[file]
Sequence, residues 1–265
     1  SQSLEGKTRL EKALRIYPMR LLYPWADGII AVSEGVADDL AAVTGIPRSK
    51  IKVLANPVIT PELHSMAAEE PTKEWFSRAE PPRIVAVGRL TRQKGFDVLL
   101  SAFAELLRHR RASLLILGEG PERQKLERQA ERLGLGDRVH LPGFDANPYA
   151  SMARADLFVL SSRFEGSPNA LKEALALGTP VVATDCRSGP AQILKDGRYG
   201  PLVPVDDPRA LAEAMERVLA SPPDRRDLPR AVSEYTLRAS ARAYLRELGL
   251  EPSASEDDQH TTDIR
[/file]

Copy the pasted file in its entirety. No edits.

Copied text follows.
Sequence, residues 1–265
     1  SQSLEGKTRL EKALRIYPMR LLYPWADGII AVSEGVADDL AAVTGIPRSK
    51  IKVLANPVIT PELHSMAAEE PTKEWFSRAE PPRIVAVGRL TRQKGFDVLL
   101  SAFAELLRHR RASLLILGEG PERQKLERQA ERLGLGDRVH LPGFDANPYA
   151  SMARADLFVL SSRFEGSPNA LKEALALGTP VVATDCRSGP AQILKDGRYG
   201  PLVPVDDPRA LAEAMERVLA SPPDRRDLPR AVSEYTLRAS ARAYLRELGL
   251  EPSASEDDQH TTDIR